The Value of High Impact Exercises
I just had my third fitness training session with James from G Force Training (read about my first session here) and as we worked out, he told me about the health benefits of high impact exercises. It was valuable information so if you want to expedite your workouts, keeping reading!
First things, first. What is `high impact exercise’? For those of you who have the time, read this excellent article published by SparkPeople, “Low Impact vs. High Impact Exercises: Which is Right for You?” For those of you who have only a few minutes, high impact exercises are activities where both of your feet leave the ground at the same time.
Some examples of high impact exercises include: running, jumping, skipping, plyometrics, some step aerobics and burpees. If you don’t know what burpees are yet, check out this 1 minute video:
Basically, high impact exercises (as James explained) are those where you’re experiencing the force of gravity and using it as extra resistance to `right’ yourself when you land back on the ground, thereby using additional muscles to compensate from the g-force. According to Wikipedia, “The g-force (with g from gravitational) associated with an object is its acceleration relative to free-fall.”
Hmm… can you guess how Gidon came up with the company name, G Force Training?
The SparkPeople article linked to above explains the added benefit from using the g-force in exercises as, “…your body must absorb the impact forces during high-impact moves. The force on your body while running (high impact) can be more than twice that of walking (low impact).”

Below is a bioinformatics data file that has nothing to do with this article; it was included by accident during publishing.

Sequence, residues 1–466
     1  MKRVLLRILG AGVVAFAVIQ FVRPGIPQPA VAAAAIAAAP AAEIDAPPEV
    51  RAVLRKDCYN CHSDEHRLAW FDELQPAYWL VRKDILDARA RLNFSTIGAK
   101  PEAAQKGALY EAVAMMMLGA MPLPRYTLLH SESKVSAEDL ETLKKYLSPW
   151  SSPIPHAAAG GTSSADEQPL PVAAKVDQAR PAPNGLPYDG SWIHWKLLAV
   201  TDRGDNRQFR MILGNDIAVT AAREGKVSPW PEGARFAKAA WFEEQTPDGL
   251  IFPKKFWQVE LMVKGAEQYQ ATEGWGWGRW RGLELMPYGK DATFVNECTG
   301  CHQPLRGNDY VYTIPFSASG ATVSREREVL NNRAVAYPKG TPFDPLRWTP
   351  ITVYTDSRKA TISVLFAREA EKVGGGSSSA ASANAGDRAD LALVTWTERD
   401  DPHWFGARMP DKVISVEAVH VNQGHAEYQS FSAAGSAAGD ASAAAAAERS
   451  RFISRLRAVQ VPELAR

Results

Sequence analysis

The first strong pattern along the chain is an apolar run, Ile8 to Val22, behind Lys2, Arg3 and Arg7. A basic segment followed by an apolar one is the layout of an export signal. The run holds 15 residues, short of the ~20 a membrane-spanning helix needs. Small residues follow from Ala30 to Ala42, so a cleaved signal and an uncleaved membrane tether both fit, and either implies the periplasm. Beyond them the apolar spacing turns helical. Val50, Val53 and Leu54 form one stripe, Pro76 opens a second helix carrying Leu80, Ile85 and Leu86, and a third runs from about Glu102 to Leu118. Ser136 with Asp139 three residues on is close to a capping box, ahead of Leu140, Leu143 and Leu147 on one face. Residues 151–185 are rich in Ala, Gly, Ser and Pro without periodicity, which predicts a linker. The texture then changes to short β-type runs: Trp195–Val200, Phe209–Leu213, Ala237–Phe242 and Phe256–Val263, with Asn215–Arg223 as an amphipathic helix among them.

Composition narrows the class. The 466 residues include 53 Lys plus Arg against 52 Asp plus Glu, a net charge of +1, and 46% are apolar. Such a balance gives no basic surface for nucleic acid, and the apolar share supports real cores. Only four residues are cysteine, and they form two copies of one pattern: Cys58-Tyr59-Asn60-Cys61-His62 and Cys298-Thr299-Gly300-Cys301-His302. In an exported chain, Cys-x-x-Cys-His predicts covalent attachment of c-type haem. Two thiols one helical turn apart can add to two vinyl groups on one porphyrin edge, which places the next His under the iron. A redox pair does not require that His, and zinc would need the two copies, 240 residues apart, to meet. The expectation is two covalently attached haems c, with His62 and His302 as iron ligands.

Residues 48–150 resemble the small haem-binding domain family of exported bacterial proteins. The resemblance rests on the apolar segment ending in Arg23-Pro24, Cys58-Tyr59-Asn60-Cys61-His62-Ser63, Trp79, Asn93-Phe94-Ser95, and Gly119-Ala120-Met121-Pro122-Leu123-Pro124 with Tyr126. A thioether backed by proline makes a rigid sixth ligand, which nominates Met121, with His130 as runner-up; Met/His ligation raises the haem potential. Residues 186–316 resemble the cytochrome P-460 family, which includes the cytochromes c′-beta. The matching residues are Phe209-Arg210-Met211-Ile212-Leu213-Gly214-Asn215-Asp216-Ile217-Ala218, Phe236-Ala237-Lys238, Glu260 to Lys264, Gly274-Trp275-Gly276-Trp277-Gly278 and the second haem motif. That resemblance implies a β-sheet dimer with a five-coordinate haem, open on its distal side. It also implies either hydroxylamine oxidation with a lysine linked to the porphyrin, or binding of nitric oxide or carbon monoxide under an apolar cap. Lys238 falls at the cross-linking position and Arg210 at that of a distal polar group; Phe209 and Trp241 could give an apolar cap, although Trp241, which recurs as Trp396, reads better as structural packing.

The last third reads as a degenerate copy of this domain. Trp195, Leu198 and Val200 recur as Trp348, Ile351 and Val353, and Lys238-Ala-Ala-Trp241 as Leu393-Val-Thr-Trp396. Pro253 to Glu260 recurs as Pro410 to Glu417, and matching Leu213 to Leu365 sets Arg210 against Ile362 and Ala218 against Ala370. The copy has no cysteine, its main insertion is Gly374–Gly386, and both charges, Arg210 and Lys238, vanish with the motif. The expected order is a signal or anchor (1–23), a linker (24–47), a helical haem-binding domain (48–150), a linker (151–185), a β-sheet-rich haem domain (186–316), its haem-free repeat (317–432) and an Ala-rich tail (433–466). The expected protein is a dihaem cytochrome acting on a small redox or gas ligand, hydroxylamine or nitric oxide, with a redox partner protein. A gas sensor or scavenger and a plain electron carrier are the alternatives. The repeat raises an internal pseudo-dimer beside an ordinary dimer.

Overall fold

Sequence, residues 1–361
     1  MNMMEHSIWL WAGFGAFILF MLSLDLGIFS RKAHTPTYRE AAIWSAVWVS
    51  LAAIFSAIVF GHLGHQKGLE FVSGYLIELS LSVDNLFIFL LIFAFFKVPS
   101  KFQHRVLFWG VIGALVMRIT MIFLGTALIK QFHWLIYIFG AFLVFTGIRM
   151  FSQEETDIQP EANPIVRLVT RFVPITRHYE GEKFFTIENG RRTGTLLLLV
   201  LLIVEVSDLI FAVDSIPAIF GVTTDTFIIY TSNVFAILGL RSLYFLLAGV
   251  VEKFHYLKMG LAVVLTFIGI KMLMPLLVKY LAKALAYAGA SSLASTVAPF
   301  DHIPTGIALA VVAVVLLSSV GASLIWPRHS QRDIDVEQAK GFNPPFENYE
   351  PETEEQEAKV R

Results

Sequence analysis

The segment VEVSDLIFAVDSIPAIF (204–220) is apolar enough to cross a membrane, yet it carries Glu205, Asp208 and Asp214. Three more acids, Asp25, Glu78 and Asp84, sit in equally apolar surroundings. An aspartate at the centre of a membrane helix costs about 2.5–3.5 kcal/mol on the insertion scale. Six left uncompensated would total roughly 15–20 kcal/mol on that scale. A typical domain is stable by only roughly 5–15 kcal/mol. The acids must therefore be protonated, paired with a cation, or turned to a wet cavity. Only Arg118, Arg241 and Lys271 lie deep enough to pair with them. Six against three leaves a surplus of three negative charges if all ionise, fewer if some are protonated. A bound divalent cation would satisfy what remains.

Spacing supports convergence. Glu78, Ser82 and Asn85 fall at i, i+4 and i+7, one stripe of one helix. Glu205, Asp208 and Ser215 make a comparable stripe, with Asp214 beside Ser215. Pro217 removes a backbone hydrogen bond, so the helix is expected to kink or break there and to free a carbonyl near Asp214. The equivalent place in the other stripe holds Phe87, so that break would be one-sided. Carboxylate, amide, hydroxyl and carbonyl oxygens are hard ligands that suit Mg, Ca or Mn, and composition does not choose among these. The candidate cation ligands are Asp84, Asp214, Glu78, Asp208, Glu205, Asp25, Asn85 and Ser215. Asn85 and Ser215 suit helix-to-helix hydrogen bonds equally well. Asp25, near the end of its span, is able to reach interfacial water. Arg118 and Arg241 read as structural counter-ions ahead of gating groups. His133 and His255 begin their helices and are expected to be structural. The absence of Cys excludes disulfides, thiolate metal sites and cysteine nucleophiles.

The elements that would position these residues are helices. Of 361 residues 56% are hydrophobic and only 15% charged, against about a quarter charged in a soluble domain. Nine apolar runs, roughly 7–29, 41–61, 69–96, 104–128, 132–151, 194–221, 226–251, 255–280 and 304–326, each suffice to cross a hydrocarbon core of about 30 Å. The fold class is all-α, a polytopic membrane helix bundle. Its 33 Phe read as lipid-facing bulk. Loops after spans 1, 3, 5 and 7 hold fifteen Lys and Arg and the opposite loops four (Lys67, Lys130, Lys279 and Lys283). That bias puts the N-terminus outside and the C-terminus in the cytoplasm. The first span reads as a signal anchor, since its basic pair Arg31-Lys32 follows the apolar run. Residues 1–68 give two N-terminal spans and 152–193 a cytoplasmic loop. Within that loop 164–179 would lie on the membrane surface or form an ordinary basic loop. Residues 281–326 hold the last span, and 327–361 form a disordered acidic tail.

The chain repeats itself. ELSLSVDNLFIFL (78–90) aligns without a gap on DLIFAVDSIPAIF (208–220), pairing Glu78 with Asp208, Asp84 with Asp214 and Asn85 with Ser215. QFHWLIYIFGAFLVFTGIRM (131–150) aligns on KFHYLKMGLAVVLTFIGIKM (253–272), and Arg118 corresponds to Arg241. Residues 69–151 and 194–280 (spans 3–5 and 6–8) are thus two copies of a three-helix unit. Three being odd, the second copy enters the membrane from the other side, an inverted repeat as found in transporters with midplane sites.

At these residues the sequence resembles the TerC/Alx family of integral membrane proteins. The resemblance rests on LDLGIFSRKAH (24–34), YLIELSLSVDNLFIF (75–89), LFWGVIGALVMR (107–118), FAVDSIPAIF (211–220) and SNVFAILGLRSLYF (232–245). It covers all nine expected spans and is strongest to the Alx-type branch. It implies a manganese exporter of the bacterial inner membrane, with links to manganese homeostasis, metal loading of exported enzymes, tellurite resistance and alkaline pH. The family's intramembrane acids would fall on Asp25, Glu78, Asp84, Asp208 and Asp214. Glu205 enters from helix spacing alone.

The benefits of high impact exercises
These types of exercises are more intense so you burn more calories while building muscle, making your workout time more efficient and effective. There’s also research indicating that high impact exercises are the best bone-builders, too. (Source: Reuters)
Who benefits most from high impact exercises?
There are a few drawbacks from high impact exercises which make them unsuitable for some people. For instance, “a 150 lb person who runs will land on one foot with about 300 foot pounds of pressure on the ankle, knee and hip joints. This can result in overuse and stress injuries [as well as the spine], especially in larger people and at fast speeds.”
With this in mind, beginners are best to stick to low impact exercises until they and their bodies are ready to progress to higher intensity levels, while people who have a baseline of fitness and have a low risk for joint problems are safe to engage in high impact activities.
However, with a personal trainer’s guidance, beginners can enjoy getting fitter, faster, along with gaining the benefits of high impact exercises with programs that combine both high and low impact moves in a single workout. Beginners working out alone can also now safely engage in high impact exercises on rebounders (mini trampolines) which reduce the impact thanks to the `give’ of its surface.
What’s your favourite high impact exercise?